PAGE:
Escalating series of bomb attacks, hoaxes and disruptions that underscore rising tensions
In a week when Northern Ireland has been reflecting on some of its darkest days, stark reminders still remain of those lurking in the shadows intent on inflicting bloodshed.
Four deadly letter bombs sent by dissident republican terrorists in recent days had the potential to kill indiscriminately. Addressed to Northern Ireland's Secretary of State, the PSNI chief constable, a senior police commander and a member of staff at the Public Prosecution Service, those who scrawled the individuals' names on the envelopes knew it was highly unlikely it would be they who opened them.
A postman told how he had carried one of the crude bombs in his bag for over an hour, completely unaware his life could have been ended at any moment.
The letter bombs followed two separate attempts on the lives of police officers, pipe bombs thrown at patrols in Belfast and Londonderry. Two fathers were gunned down in those cities this month.
Loyalists, too, have demonstrated there are those within their ranks prepared to resort to deadly violence, with a Sinn Fein MP this week threatened with being shot in his home.
Conor Murphy said he was told his life was under threat from the UVF, the same group widely believed to have carried out a horrific gun attack on a young woman in east Belfast.
Security alerts have become an almost daily occurrence, with many elaborate hoaxes aimed at causing maximum disruption and others possessing deadly capability – including that at a special needs school in Co Armagh.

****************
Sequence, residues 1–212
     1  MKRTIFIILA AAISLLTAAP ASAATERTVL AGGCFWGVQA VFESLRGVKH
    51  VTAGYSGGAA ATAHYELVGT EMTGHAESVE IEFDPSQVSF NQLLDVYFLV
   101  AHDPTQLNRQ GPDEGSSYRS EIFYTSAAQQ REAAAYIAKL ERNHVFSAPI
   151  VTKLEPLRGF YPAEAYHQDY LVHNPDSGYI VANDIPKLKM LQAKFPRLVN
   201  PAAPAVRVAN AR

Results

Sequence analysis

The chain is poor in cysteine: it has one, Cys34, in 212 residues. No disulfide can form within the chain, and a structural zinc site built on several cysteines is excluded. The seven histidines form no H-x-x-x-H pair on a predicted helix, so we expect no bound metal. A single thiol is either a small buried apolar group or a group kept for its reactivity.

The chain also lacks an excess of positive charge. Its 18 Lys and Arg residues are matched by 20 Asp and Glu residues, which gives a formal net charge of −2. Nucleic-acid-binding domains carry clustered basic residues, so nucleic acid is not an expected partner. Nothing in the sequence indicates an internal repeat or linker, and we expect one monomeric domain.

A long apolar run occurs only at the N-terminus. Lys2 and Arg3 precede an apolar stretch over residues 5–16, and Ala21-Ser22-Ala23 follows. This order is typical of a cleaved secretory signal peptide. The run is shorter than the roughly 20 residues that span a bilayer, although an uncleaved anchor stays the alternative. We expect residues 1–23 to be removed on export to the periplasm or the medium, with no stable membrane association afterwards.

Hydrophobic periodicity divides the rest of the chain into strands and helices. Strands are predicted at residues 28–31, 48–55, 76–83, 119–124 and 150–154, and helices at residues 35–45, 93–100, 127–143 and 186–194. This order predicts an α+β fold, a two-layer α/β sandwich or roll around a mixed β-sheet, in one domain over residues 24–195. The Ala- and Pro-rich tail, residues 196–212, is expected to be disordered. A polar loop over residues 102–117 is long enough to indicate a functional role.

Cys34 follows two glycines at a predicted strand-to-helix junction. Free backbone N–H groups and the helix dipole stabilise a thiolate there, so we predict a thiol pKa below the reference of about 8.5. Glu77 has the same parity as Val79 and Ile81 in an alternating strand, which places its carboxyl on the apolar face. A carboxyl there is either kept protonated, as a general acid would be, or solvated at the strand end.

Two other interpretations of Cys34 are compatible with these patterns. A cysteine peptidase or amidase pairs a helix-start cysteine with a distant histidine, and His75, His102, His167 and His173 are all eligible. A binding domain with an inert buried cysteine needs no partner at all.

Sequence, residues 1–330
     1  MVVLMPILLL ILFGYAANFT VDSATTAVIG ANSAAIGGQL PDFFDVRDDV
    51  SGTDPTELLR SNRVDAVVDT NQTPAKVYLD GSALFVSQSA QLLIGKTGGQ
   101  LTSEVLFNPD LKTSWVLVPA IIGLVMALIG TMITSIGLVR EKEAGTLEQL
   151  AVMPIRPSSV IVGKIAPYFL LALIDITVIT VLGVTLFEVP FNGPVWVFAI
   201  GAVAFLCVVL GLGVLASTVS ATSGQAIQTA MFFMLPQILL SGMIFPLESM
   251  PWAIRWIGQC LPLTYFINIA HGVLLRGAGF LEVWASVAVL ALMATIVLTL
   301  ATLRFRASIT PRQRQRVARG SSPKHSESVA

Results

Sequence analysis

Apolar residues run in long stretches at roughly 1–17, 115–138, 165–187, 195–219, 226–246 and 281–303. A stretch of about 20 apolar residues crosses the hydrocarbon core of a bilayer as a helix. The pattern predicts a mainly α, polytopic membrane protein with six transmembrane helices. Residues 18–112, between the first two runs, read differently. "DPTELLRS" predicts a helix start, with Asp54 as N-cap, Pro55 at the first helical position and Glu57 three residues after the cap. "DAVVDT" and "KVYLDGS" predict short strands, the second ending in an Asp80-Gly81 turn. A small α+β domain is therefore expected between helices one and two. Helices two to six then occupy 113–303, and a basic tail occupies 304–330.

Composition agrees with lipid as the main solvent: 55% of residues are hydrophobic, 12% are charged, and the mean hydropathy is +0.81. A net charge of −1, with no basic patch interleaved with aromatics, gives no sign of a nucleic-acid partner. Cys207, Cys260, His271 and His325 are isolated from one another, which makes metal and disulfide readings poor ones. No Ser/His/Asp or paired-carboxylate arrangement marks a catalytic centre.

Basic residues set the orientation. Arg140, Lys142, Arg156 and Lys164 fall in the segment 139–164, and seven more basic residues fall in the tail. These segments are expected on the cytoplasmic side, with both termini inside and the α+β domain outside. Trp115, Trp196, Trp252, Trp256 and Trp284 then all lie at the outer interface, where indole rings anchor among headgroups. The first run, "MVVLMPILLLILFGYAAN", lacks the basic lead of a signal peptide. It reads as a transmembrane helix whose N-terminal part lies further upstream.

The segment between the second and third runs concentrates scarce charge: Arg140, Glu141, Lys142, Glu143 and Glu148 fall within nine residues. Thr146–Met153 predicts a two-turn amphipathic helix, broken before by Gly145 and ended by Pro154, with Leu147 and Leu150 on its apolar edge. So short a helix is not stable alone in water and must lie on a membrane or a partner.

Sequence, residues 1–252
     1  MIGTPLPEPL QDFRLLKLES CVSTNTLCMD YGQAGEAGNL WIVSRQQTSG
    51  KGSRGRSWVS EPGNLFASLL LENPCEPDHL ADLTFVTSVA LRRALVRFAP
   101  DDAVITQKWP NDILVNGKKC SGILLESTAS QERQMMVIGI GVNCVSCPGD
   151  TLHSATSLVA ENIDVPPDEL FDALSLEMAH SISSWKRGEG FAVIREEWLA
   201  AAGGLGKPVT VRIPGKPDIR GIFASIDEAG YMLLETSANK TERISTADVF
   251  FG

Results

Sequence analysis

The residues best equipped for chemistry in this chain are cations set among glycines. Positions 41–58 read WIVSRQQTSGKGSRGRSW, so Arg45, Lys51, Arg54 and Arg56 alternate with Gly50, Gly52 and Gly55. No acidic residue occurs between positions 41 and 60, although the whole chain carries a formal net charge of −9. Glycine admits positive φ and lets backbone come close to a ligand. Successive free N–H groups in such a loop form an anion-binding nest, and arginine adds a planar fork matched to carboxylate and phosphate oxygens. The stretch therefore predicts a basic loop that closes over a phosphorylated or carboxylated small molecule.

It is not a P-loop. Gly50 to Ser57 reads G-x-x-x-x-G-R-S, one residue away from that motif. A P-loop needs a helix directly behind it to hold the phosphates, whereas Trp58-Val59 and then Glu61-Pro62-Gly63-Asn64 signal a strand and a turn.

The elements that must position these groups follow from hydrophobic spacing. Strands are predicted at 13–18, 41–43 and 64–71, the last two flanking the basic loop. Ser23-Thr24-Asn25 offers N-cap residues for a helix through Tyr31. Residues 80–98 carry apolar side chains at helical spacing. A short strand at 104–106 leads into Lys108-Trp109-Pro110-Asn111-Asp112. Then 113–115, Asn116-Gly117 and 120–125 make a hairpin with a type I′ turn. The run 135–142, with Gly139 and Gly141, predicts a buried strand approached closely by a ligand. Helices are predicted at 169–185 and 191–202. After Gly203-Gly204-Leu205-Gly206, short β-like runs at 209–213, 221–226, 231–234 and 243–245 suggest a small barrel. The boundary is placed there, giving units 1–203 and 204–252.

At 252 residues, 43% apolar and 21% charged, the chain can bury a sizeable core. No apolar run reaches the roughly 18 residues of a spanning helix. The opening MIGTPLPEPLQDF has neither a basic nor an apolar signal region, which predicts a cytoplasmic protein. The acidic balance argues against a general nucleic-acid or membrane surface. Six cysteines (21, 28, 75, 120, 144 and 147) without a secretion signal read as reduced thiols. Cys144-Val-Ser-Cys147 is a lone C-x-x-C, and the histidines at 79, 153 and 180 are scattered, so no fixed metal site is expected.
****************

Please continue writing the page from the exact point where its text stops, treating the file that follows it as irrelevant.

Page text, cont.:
Those responsible are getting the attention they crave, feeding a growing climate of fear demonstrated by the two false alarms at Belfast's courts and Stormont. The underlying hum of unease has gotten louder with tensions which have been simmering beneath the surface since the summer months, threatening to come to the boil.
Last week, the Justice Minister delivered a chilling warning to MLAs that a terrorist attack in the run-up to Christmas is "highly likely".
"It is clear that the terrorists are not concerned about the safety of anyone," David Ford added.
Senior police have refused to speculate on what they believe is behind the recent upsurge in terrorist activity.
Northern Ireland's politicians continue to strive behind the scenes – under the watch of US diplomat Richard Harass – in an effort to progress those contentious issues yet to be overcome 15 years after the signing of the Good Friday Agreement.
The ghastly scenes beamed across our televisions this week from the Shankill and Greysteel massacres 20 years ago are timely reminders of how far we have come.
Recent events show there is still much work to do.